'No economic argument' for spending $7.5M on Formula E concrete barriers, says city councillor

City spokesperson says using concrete barriers from the Gilles Villeneuve race track was out of the question because they were concerned the barriers would break if moved.

Barriers were built specifically to meet Formula E race track specifications

The concrete barriers were built and paid for by the City of Montreal to the tune of $7.5 million. (Simon-Marc Charron/Radio-Canada)

With a little more than a week before the Formula E race, the City of Montreal is again being criticized over the hefty $24-million price tag.

The City provided a rundown of costs in June, earmarking $7.5 million for new concrete barriers that would protect the track. 

But some critics say the barriers could have been rented for a fraction of the price.

"There's absolutely no economic argument for this decision to spend $7.5 million on the fences," said Ville-Marie city councillor Steve Shanahan.

"The people of Montreal have had to pay lots and lots of money to pay for [Mayor Denis] Coderre's whim."
Steve Shanahan is the city councillor for Ville-Marie Peter-McGill District with the Vrai Changement party. (CBC)

He can't see why the race shouldn't be held at Circuit Gilles Villeneuve, just like the Formula One. 

"What I find disrespectful to all the businesses around here, all the people who live here, and certainly all Montrealers who are footing the bill for fences like this is, we have a beautiful race track a stone's throw from here," he said.

City spokesperson Anik de Repentigny told CBC that the barriers were built to specific standards and that renting the ones at Circuit Gilles Villeneuve was out of the question due to concerns that they would be damaged.

"If we were to remove them, there was a great risk of them breaking," said de Repentigny. 

She went on to say that the newly built barriers would last up to three times longer than normal ones, which have an average life span of between three and five years. She added that the barriers could be reused to replace old ones at Gilles Villeneuve or during festivals around the city.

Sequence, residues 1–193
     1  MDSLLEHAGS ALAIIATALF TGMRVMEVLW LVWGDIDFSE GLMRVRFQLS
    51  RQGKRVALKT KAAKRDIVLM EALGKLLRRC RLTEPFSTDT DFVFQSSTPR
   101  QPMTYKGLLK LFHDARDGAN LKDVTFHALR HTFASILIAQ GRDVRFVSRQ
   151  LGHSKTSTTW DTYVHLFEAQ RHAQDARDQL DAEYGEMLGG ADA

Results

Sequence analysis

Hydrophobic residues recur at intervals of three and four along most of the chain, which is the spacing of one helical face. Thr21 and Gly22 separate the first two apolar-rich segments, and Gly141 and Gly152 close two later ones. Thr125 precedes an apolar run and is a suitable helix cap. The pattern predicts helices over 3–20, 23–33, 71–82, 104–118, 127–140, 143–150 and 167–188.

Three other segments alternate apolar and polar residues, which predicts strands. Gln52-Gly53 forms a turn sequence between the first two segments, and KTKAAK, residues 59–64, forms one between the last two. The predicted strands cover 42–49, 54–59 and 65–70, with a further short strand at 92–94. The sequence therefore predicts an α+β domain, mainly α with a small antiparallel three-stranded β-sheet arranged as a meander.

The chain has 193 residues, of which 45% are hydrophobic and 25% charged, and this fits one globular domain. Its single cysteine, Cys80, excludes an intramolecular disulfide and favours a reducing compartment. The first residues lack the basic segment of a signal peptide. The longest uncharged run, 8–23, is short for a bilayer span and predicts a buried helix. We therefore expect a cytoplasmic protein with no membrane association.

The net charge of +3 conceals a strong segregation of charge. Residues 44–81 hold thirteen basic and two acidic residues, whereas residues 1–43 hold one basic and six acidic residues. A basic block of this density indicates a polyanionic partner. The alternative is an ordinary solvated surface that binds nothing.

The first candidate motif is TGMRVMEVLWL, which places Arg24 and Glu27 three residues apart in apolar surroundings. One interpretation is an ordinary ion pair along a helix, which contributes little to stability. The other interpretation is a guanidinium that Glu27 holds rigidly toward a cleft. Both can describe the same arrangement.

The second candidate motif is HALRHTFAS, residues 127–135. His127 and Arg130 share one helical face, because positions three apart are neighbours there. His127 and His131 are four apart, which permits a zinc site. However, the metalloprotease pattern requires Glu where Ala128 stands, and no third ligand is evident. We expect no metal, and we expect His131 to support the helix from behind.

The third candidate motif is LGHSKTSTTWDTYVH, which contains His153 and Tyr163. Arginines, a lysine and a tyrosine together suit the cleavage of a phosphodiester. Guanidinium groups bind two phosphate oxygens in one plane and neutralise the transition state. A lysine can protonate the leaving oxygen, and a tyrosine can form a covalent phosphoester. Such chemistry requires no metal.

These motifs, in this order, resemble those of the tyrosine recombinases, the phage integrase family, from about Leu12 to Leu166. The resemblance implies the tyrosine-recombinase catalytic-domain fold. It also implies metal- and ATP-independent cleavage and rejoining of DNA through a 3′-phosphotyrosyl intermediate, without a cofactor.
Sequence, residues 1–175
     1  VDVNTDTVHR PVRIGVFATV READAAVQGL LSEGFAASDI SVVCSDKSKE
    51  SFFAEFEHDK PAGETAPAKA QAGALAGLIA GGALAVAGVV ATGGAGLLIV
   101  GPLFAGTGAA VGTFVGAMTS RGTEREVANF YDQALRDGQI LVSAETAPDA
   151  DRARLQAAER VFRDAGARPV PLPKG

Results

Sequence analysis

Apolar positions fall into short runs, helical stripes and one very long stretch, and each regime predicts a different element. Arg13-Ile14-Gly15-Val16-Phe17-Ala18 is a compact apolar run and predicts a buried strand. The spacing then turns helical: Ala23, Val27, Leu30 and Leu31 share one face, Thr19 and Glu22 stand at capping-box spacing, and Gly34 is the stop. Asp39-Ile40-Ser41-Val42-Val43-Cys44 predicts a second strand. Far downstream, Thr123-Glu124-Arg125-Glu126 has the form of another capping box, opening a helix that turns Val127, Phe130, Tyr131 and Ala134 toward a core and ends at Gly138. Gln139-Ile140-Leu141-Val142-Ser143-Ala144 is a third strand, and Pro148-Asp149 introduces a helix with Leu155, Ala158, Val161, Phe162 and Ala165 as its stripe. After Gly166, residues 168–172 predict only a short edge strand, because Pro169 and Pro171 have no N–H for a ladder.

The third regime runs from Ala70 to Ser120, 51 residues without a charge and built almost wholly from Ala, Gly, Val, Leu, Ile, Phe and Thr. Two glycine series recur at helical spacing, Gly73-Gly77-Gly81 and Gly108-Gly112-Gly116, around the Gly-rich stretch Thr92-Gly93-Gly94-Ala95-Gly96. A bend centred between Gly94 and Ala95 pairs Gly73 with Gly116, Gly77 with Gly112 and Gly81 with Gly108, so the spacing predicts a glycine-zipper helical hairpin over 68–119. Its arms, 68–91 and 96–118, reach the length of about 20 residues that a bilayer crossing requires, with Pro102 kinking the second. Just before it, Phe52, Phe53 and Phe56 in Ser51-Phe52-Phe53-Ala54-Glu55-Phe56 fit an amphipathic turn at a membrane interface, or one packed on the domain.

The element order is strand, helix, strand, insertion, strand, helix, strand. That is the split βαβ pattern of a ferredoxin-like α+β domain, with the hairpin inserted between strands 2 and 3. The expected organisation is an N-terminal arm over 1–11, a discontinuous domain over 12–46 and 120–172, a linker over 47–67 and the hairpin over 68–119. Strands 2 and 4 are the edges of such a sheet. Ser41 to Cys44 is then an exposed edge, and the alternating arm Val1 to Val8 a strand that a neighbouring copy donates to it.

Mayor Denis Coderre defended the spending in April, saying much of the road surface repair work had to be done anyway and that it would be an investment in Montreal being seen as a green energy leader.

The race is slated to take place July 29 and 30. (Formula E)

Bad for business

Businesses in the area are no happier with the city's plan to shut down several key arteries to traffic during the race, and restrict lanes during construction of the track.

La Mer, a fish store on René-Lévesque Blvd., has seen a marked drop in business since the tall barriers have gone up and access to the parking lot has been cut off on both ends.

"We're trying our best to let customers know that we're still open, and they can come. We know it's a little difficult to get here," said employee Alexander Meletakos. "But it's a huge stress, because you know, we can't keep this fish another week."
Access to La Mer fish store is limited by construction happening on the Formula E track. (CBC)

La Mer has been in operation for 40 years, but Meletakos says they weren't consulted or even informed about how their business would be affected.

"We found out about the event by looking at the Evenko website and [saw] that they were going to be right in front of our building," he said. 

"We would have loved to have a bigger role in it, especially since we're so negatively impacted by it. I feel that we should have been offered something in the event."

The race is scheduled to take place on July 29 and 30, with another 10 days to dismantle the course.

With files from Navneet Pall